Lyle Spencer

The best at helping themselves

Greinke, Leake, Wood top list of most proficient hitting pitchers

The best at helping themselves

Yovani Gallardo, new to the Rangers and the American League this spring after eight seasons with the Brewers, shrugged when it was pointed out that he is losing one of his best weapons having to play in the designated-hitter league: his bat.

"I like to hit," he said, grinning. "But I'm paid to pitch. That's what I'm here to do, pitch like I can."

Fortunately, with the notable exception of Gallardo, the elite hitters among pitchers remain in the National League, where they can help their own causes with a timely blow on occasion.

With a tip of a Cubs cap to Carlos Zambrano, king of recent vintage slugging pitchers with 24 homers and 69 RBIs in his career, here are the current best of the lot, using the past three seasons as a measuring stick:

Zack Greinke, Dodgers
Greinke believes he could have made it to the Major Leagues as an infielder, and his numbers swinging the lumber every fifth day lend support to his claim. Over the past three seasons he leads all pitchers with his .253 batting average and .680 OPS (on-base plus slugging). He has gone deep twice (four times in his career) and is second in slugging at .373 since 2012. After eight seasons with a DH in Kansas City, he struggled to find his stroke in the NL with the 2011 Brewers, hitting just .143. But he has been a tough out lately.

Mike Leake, Reds
Since breaking in with Cincinnati in 2010, Leake's .598 OPS is the best among all pitchers, followed by Greinke's .593. Fellow Arizona State alums Barry Bonds and Reggie Jackson combined for 1,325 homers, but Leake, more like Greinke in style, is a line-drive hitter. He has left the yard four times in the past three seasons and five times overall. His .351 slugging percentage the past three seasons trails only the Cubs' Travis Wood and Greinke.

Leake's RBI double

Travis Wood, Cubs
Here's a guy with the right name. Wood makes contact and generates serious power. His seven homers over the past three seasons lead Major League pitchers, and he's second with 21 RBIs. A complete hitter, Wood is third in average (.218) and second in OPS (.621). His nine career homers put him behind only Gallardo, who has 12, among active pitchers. His .560 career OPS is third among active pitchers behind Greinke (.605) and Leake (.587).

Wood's two-run home run

Madison Bumgarner, Giants
MadBum was the bomb in 2014. He stayed loose in preparation for his mastery in October by bashing baseballs all season, leading pitchers with his four homers, 15 RBIs and .477 slugging percentage. The big man finally showed in games the brand of prodigious power he had been displaying in batting practice. Like Wood, who now has a serious rival for the title of premier slugging pitcher, Bumgarner is a lefty who swings from the right side.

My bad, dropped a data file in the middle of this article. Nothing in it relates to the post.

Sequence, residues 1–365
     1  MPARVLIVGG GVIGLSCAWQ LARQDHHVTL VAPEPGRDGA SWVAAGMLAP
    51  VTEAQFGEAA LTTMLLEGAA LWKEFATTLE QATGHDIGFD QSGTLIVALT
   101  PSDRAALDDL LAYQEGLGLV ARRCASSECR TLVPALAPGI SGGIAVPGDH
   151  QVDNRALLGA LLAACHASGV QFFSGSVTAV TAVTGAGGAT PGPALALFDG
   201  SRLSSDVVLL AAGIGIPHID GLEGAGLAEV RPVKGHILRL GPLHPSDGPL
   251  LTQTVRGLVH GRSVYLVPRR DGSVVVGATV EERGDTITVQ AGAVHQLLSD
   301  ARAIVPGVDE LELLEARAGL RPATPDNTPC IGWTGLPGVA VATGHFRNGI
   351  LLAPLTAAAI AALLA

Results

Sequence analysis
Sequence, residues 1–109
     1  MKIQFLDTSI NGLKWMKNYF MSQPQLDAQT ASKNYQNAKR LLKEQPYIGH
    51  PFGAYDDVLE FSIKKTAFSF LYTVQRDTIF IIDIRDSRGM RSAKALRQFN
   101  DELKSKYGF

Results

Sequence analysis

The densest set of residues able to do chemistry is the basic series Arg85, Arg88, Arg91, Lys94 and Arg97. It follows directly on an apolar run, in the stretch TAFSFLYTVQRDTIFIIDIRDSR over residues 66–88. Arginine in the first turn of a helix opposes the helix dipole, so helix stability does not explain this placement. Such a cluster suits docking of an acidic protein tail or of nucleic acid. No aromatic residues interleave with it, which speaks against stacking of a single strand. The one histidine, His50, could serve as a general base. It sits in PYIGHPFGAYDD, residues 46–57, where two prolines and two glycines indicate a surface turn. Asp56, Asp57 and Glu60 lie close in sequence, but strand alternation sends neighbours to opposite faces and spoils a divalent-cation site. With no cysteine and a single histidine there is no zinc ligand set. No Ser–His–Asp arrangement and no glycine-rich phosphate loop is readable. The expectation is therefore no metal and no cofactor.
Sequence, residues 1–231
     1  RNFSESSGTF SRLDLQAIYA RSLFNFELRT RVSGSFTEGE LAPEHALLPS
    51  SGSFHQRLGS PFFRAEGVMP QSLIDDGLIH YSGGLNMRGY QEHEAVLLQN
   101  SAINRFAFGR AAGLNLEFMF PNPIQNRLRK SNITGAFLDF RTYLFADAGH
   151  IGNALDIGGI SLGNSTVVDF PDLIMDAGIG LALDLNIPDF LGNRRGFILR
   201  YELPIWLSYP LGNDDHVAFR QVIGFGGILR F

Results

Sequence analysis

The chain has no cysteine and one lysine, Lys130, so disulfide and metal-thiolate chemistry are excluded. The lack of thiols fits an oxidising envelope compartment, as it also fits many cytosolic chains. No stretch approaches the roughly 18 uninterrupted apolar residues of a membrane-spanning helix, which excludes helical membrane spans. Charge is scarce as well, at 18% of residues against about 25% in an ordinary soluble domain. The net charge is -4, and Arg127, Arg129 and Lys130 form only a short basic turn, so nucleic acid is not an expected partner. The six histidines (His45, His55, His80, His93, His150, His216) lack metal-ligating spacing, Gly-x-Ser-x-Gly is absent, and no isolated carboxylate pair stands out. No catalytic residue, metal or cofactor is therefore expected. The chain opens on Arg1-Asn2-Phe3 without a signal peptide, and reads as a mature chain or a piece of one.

Adam Wainwright, Cardinals
A big man who swings a loud bat, Wainwright has six homers and 39 RBIs while hitting .202 in his career. He ranks fourth, one spot ahead of Jason Marquis, among active pitchers in career OPS at .520. Wainwright has 25 doubles to go with his six bombs.

Dan Haren, Marlins
Haren doesn't drive the ball the way he did in his youth at Pepperdine University, but he is still an effective hitter. He's third among active pitchers with a .546 career OPS and fifth in RBIs with 34, despite spending half of his career in the American League with the A's and Angels. While he has gone deep only twice, Haren owns 25 doubles and 34 RBIs. Only Leake (.264) has a higher OBP than Haren's .238.

Haren's RBI single

Jason Marquis, Reds
Making a bid to join Leake in the Reds rotation, Marquis has a well-earned reputation as a guy who knows what to do in the batter's box. He has produced 56 career RBIs, and his 54 are the most over the past 10 seasons by 13 over runner-up Gallardo. Marquis' .492 career OPS is fifth-best among pitchers.

Clayton Kershaw, Dodgers
The perfectionist in Kershaw apparently took hold after he had three hits in 55 at-bats in 2010 -- all singles -- batting .055. Since then he has hit .197 with a .474 OPS, sixth among all pitchers. Kershaw's first career home run was decisive in a shutout of the Giants on Opening Day in 2013. He has been a more confident and aggressive hitter since launching that blast at Dodger Stadium. There is nothing the guy can't do. He's also a Gold Glove Award defender.

Kershaw does it all vs. Giants

Tim Hudson, Giants
Bumgarner isn't the only pitcher on the three-time champions' staff who can handle the bat. Hudson's numbers took a hit last year when he was only 2-for-53, but he owns 41 RBIs, third among active pitchers behind Marquis and Gallardo. Matt Cain's six career homers have him tied for third among active pitchers with Bumgarner, Wainwright and Bronson Arroyo. Jake Peavy's .440 OPS is the seventh-best over the past 10 years, giving the Giants another pitcher who can run into one every now and then.

Lyle Spencer is a national reporter and columnist for Follow him on Twitter @LyleMSpencer. This story was not subject to the approval of Major League Baseball or its clubs.